A Bit Of A Madame
Gaiman’s TV adaptation of his and Terry Pratchett’s Good Omens is coming to UK terrestrial TV this January and here’s one of its stars Miranda Richardson who plays Madam Tracy talking about it…
Has it been enjoyable to shoot Good Omens?
Yes, it’s been tremendous fun. We were on a brutal, windswept airbase yesterday. The wind was reaching places you didn’t know exist. Even though I had no lines, it was still a really enjoyable experience. I love the fact that this is on such a huge scale. More is more – that phrase could be on the poster! It’s a great production to be involved with.
Talk us through your character…
It’s a lovely part. Madame Tracy works as a medium and a sex worker from the same apartment, which means flipping the pictures around and changing her costumes. She has to be very organised about who’s doing what when. I haven’t got the words to describe her job as a sex worker – that’s probably for the best!
Tell us about her relationship with her neighbour, Shadwell.
Madame Tracy is able to allay his fears. He can relax a lot with her. He is a very tense man, firing off all over the place – if I may use that phrase! It’s been delightful working with Michael McKean, who plays Shadwell. He is lovely company, a dear.
What are the inspirations behind your character?
She is a compilation of lots of British character actors from yesteryear, including Irene Handel. It feels rooted in that era. There are a lot of Ealing Comedies and Carry On films in there.
But the characters still have to be credible, don’t they?
Definitely. In Good Omens, the characters are in a very heightened reality. But the characters still have to be believable, or viewers won’t go with it. You have to be able to believe in their inner life.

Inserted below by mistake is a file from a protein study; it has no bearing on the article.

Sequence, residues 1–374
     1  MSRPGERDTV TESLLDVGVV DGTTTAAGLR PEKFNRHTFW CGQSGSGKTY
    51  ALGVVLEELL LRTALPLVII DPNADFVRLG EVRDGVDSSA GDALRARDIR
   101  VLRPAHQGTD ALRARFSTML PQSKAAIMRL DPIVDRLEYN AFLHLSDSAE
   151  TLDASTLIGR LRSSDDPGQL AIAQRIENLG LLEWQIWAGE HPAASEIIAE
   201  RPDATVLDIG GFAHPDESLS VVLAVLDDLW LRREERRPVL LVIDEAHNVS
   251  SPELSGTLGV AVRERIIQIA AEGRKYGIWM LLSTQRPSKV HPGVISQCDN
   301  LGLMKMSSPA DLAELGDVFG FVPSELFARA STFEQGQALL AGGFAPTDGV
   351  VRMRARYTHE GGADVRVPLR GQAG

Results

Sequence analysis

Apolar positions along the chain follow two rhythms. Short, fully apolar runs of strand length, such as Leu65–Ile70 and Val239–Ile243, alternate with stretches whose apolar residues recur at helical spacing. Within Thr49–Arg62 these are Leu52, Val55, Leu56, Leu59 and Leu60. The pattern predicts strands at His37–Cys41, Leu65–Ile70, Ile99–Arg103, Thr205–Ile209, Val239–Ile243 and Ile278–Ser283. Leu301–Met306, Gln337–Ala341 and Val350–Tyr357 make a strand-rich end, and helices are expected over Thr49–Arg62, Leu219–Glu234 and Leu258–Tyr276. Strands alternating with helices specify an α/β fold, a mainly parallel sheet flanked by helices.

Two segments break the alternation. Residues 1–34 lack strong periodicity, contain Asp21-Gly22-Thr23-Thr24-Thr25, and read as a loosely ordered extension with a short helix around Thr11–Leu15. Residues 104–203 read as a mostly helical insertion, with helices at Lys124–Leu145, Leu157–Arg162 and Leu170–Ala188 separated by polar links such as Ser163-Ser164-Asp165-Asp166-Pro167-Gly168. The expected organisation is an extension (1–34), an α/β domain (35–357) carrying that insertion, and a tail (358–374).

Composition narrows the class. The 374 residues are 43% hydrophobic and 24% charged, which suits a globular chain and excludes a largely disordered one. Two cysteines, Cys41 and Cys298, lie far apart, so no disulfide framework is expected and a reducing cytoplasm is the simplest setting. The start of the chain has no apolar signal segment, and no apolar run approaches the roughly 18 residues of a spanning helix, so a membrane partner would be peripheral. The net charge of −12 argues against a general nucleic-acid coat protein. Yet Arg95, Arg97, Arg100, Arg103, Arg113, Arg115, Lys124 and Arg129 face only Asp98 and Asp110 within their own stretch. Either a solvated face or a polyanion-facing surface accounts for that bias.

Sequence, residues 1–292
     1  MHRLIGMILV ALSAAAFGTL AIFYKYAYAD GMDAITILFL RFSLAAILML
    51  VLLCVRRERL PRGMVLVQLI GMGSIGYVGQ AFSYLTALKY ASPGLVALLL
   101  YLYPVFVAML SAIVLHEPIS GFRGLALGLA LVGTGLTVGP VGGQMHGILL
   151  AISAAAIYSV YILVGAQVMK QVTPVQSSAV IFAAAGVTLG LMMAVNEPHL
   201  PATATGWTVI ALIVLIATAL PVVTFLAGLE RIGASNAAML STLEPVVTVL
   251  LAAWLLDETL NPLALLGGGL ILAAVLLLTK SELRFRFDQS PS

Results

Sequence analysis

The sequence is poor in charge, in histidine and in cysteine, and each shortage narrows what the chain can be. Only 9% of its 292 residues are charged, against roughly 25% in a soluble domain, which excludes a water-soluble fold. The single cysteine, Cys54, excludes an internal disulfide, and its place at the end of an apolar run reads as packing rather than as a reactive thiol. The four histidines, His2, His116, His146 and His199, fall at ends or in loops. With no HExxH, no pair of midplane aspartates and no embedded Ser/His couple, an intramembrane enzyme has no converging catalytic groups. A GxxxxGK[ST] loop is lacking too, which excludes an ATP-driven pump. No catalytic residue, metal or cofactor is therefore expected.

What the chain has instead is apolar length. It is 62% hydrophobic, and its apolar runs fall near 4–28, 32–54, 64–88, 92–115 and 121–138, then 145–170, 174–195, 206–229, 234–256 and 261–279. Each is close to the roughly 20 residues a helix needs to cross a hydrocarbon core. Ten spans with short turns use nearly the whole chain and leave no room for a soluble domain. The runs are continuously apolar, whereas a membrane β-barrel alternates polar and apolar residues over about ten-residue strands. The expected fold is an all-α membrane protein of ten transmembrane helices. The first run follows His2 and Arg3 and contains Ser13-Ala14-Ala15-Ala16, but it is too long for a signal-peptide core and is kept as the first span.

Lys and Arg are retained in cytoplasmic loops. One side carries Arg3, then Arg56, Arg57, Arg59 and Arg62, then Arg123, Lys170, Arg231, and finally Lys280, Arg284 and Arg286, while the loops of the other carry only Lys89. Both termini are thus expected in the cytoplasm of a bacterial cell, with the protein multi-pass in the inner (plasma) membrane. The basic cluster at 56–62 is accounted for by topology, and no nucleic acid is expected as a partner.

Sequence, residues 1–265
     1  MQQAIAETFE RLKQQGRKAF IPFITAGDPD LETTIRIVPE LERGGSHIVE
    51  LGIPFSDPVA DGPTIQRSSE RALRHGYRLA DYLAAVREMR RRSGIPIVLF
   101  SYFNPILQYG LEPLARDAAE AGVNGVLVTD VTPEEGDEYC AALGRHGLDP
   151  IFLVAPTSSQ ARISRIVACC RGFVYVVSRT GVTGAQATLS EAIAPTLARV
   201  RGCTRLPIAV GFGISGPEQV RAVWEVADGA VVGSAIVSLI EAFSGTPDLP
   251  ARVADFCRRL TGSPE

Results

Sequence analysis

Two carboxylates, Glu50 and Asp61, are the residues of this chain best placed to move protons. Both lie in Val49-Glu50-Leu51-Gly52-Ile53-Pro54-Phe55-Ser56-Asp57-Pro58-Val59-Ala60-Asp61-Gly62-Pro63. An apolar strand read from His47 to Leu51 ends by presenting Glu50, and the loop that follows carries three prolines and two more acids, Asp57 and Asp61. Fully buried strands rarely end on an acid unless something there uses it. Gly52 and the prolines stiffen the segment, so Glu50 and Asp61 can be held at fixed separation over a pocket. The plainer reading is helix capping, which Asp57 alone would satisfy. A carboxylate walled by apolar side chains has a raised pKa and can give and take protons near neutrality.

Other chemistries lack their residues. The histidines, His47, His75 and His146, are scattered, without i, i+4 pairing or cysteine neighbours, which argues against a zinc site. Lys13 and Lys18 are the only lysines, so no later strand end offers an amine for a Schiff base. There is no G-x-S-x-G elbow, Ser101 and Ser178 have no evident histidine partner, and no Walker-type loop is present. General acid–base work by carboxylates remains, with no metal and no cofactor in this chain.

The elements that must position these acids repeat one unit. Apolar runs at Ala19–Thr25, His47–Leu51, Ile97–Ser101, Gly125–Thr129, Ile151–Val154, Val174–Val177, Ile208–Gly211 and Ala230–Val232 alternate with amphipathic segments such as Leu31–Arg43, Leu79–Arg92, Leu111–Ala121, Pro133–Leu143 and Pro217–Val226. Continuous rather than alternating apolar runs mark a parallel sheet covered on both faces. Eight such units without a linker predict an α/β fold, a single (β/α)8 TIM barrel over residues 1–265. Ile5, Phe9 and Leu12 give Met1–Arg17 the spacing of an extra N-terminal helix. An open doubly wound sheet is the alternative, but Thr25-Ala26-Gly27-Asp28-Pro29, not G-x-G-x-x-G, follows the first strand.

What attracts you to playing out-there characters?
It’s appealing to play them and still find their humanity. If you spend any time on the streets in London, you will see many out-there characters. They make you think: “What’s your life about?” They have made a choice. These days people are feeling more comfortable about expressing themselves in their look, their sexuality, and their piercings. They’re out on the street saying: “This is me.”
How have you found it working with David Tennant and Michael Sheen?
They’re both phenomenal. I am in awe of their work on this monster project. I’m so admiring of the fact that David and Michael can even say the words in the right order – that’s more than I can manage at times! They are playing proper characters, and they look great. The fact that David and Michael have done as much theatre as they have is very useful for this project. You have to be very resilient because it’s so demanding. If you have done a lot of theatre, that will stand you in good stead. This is also quite theatrical in its look and feel.
There are a lot of special effects in Good Omens, but they never overwhelm the story, do they?
No, the show still allows for your personal imagination. It is not given to you on a plate. I can’t bear it when something is too special effects-heavy. It’s very tiring watching special effect after special effect, if it’s not as good as The Lord Of The Rings.
It seems as if you had fun on Good Omens.
I have got very lucky with this production. What’s not to like?